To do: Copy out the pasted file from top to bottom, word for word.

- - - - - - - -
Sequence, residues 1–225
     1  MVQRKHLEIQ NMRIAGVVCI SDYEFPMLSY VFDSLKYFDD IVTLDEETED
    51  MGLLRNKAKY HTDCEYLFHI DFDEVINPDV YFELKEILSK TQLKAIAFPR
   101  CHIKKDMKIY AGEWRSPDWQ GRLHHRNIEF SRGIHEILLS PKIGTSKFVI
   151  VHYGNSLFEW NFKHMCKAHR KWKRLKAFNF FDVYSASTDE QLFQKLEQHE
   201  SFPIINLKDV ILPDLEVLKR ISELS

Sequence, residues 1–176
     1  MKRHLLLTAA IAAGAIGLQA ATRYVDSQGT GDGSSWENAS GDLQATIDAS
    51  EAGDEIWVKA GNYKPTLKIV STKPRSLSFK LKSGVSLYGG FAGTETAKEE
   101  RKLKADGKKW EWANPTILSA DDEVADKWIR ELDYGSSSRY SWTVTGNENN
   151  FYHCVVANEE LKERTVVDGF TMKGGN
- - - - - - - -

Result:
Sequence, residues 1–225
     1  MVQRKHLEIQ NMRIAGVVCI SDYEFPMLSY VFDSLKYFDD IVTLDEETED
    51  MGLLRNKAKY HTDCEYLFHI DFDEVINPDV YFELKEILSK TQLKAIAFPR
   101  CHIKKDMKIY AGEWRSPDWQ GRLHHRNIEF SRGIHEILLS PKIGTSKFVI
   151  VHYGNSLFEW NFKHMCKAHR KWKRLKAFNF FDVYSASTDE QLFQKLEQHE
   201  SFPIINLKDV ILPDLEVLKR ISELS

Sequence, residues 1–176
     1  MKRHLLLTAA IAAGAIGLQA ATRYVDSQGT GDGSSWENAS GDLQATIDAS
    51  EAGDEIWVKA GNYKPTLKIV STKPRSLSFK LKSGVSLYGG FAGTETAKEE
   101  RKLKADGKKW EWANPTILSA DDEVADKWIR ELDYGSSSRY SWTVTGNENN
   151  FYHCVVANEE LKERTVVDGF TMKGGN